I am writing this from a massage (which is aggressively vibrating like the engine room in a submarine) chair at the nail salon, where I am getting a pedicure. Since you didn’t ask, my polish color is a coral-ish named “I Eat Mainely Lobster” – which is purely aspirational since the last time I had lobster was 2021 and it was a part of a bisque so its statehood was unknown. I am getting a pedicure because society has generally agreed that painted toenails are a basic expectation of summertime grooming, like wearing a bathing suit under your clothes – or, in the case of my husband, as clothes – just in case.
I am very aware of society’s base-level expectations of beauty because I am the dictionary definition of doing the absolute bare minimum. The other day I styled my hair after a lobster bisque-esque period of time of braids and ponytails, and three of my coworkers asked, “Whoa, why are you all dressed up?” The week prior, I was complaining to my friend that I am starting to look old and she said, “Well…do you use…some…thing?” Not, “Do you use this serum?” or “Have you tried this treatment?” Just, “Do you put absolutely anything on your face besides the Earth’s oxygen?”
I wasn’t always like this. Back in THE OLD DAYS, I would spend hours plucking and feathering and masking and filing, and squeezing things in and pushing things up, and saying “If I ever got a tattoo, it would be a permanent wing eyeliner” and “Ugh, no, I can’t wear that to Saturday brunch; that’s a Sunday brunch outfit.” But then I became the mother of two boys, and it’s hard to put in a lot of effort when my target audience thinks the perfect look is a baseball cap, cut-off sweatpants, and a box of farts.
My sweet, darling, muddy, oblivious personal universe has very low expectations of my appearance because, as Kyle says, “They like me for me” (and for my ability to make macaroni and cheese). For example, my ten-year-old tells me I look beautiful when I wear a pair of pajama bottoms with a satin waist-tie. When I ask my seven-year-old to pick out earrings for me, he always goes to a fist-sized pair of sparkly jack-o-lanterns that I got for a Halloween costume because “They are the prettiest.” That same seven-year-old went through a period where he would wipe things on my clothes (usually boogers) so that his own didn’t get dirty.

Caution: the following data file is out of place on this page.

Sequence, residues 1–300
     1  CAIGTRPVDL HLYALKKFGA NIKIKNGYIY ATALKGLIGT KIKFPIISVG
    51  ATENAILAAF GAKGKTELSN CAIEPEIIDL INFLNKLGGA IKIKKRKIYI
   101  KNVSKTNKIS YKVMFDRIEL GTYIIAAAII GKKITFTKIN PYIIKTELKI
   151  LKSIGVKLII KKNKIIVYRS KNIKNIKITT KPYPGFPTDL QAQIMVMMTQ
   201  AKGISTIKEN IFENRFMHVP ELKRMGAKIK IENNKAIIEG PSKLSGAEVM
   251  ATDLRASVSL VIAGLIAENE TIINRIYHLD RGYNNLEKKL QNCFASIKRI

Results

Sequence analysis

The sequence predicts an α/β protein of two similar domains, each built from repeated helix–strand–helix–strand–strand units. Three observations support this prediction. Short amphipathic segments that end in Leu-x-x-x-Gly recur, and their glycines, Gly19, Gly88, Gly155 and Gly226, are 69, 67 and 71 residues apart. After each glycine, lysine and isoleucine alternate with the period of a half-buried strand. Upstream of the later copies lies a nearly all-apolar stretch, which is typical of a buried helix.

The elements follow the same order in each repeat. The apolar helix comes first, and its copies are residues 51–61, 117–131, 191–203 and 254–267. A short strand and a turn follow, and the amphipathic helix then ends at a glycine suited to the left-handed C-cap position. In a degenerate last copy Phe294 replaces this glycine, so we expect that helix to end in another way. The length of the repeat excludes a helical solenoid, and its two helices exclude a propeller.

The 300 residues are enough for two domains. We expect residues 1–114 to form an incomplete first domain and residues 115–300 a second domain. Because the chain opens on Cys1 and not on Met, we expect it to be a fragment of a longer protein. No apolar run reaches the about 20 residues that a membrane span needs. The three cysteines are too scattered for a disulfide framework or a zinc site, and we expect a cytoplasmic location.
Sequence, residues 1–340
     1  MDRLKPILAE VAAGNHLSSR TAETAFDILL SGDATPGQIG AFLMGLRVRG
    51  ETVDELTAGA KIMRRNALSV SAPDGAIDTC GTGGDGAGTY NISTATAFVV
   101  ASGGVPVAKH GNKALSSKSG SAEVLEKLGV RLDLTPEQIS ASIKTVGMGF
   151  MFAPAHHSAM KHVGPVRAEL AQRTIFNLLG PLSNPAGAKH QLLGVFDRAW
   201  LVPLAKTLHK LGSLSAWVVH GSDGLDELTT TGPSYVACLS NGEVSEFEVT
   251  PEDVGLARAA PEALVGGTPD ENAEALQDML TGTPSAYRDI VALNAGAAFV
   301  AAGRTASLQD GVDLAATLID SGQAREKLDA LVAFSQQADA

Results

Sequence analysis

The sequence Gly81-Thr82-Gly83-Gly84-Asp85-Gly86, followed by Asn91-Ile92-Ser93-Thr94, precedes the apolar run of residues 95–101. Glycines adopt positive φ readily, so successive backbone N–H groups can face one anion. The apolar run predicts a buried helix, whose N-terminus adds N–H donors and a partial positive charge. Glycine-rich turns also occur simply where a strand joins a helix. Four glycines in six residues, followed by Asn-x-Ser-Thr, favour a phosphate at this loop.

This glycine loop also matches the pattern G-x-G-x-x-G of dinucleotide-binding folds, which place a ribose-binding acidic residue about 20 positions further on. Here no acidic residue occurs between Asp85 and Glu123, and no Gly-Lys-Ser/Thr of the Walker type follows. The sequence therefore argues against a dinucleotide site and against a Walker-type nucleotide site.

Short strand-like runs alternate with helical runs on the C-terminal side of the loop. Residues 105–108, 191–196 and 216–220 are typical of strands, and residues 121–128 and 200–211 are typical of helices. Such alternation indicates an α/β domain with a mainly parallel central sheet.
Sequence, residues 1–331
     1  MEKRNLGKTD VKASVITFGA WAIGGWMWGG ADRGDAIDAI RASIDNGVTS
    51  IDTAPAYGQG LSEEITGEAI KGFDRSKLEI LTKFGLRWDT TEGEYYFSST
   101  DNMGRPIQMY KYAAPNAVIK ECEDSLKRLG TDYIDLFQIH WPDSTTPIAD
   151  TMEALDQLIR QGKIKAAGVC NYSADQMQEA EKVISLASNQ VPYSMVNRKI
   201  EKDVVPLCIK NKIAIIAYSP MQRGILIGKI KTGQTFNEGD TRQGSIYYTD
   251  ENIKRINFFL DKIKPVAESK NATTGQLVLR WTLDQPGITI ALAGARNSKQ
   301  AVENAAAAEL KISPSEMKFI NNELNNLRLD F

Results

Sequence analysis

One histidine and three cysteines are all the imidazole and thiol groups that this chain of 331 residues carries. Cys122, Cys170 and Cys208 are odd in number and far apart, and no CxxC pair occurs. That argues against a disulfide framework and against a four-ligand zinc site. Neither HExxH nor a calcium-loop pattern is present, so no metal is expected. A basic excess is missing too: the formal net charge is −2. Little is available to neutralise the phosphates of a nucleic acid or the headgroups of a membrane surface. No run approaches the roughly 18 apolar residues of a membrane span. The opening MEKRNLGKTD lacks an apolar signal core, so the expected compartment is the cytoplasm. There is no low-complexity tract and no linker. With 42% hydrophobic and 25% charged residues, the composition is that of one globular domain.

As my boys are perfectly satisfied with my appearance, it’s hard for me to justify (to myself) breaking away from all the mac-and-cheese compliments for spa treatments and shopping trips. While I used to spend hours upon luxurious hours combing through clothing racks and testing out makeup samples, now my mantra is “Get in, get out, get back into those booger-wipers.” A couple of weeks ago, I had the chance to shop for a bit with another mom, and it had been so long since I’d browsed that I’d almost forgotten how to do it – as evidenced by the fact that I bought a crop-top see-through army green tank-top that I’m apparently going to wear on my leg because that’s the only place it will look good.
I know for a fact that my sons would go with me to get a pedicure if I asked. They would sit there and hum along with the chair vibration and drink their little bottle of water and have a grand time – and then never willingly go back. I know this because my seven-year-old recently pulled out my box of nail stuff and demanded a manicure, and I got halfway through one hand when he said, “That’s good,” and then spent the next week with one-half of one-hand haphazardly painted until he figured out he could pick off the remaining polish with a wooden sword.
Even though pedicures pull me away from my pajamas and fart boxes, and even though I have a nail salon’s worth of polish under my sink, I will do them forever because if my last bastion of beauty is lobster coral nails, you can bet your bippy that I’m tipping my sword to the professionals.
I’m not alone in this sentiment because I’m currently sitting next to a lovely woman who told me that she gets pedicures because she recently had knee surgery and it’s good for the scars when the pedicurist massages her legs. “I suppose I could do it myself,” she said with North Dakota pragmatism. “Why on Earth would you do that?” I said.
At some point in the near future my children will no longer want to hang out with me, and then (possibly) I’ll get back to the glamorous life. Or, maybe I’ll create a club for situationally-similar moms where we organize day-long fishing-and-bonding trips for our children and their fathers at resorts that are conveniently located near spas and mini-malls. In the meantime, I will admire my perfectly-painted toes from the driver’s seat of a go-kart while my seven-year-old eloquently shouts, “We’re going so fast that my spit is coming out of my mouth! VROOM VROOM VROOM!”
The photo above is of Kyle at said go-kart track in Fargo. You’ll be happy to know that he is tall enough to ride the bumper cars.
This week’s news is about a marathoner, a makeover, and a mayor. Read on.
Edmore’s Holden Mack is looking for the group of people who rescued him from his burning truck so that he can thank them in person. (Grand Forks Herald)
Alivia Lowery was Williston’s Mayor for a Day thanks to her award-winning essay. (Williston Herald)
After running his first marathon in Fargo in 2015, Grand Forks’ Nate Lizakowski is set to complete 50 marathons in 50 states. (Grand Forks Herald)
Children’s Park in Medora got a sweet new makeover thanks to a volunteer crew of 80, who power washed and re-stained all of the wooden equipment and replaced the rubber mulch. (Dickinson Press)
The Minot Girl Scouts Troop 10028 earned a badge for kindness by planting flowers, bagging and carrying groceries, and handing out cookies. (KX Net)
Let’s Be (Official) Pals!
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